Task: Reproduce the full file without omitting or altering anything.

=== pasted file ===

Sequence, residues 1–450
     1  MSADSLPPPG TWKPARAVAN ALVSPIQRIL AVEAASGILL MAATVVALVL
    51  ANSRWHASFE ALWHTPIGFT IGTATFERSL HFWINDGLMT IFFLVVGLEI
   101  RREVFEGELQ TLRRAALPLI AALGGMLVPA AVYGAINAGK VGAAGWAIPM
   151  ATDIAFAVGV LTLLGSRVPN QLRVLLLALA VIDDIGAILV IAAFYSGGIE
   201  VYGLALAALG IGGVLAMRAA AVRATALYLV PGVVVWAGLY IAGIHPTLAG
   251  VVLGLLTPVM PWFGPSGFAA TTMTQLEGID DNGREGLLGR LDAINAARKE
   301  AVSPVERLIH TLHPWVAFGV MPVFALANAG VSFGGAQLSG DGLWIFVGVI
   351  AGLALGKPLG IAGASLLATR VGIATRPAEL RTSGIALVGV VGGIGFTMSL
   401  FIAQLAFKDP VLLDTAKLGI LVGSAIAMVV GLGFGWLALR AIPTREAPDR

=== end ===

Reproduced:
Sequence, residues 1–450
     1  MSADSLPPPG TWKPARAVAN ALVSPIQRIL AVEAASGILL MAATVVALVL
    51  ANSRWHASFE ALWHTPIGFT IGTATFERSL HFWINDGLMT IFFLVVGLEI
   101  RREVFEGELQ TLRRAALPLI AALGGMLVPA AVYGAINAGK VGAAGWAIPM
   151  ATDIAFAVGV LTLLGSRVPN QLRVLLLALA VIDDIGAILV IAAFYSGGIE
   201  VYGLALAALG IGGVLAMRAA AVRATALYLV PGVVVWAGLY IAGIHPTLAG
   251  VVLGLLTPVM PWFGPSGFAA TTMTQLEGID DNGREGLLGR LDAINAARKE
   301  AVSPVERLIH TLHPWVAFGV MPVFALANAG VSFGGAQLSG DGLWIFVGVI
   351  AGLALGKPLG IAGASLLATR VGIATRPAEL RTSGIALVGV VGGIGFTMSL
   401  FIAQLAFKDP VLLDTAKLGI LVGSAIAMVV GLGFGWLALR AIPTREAPDR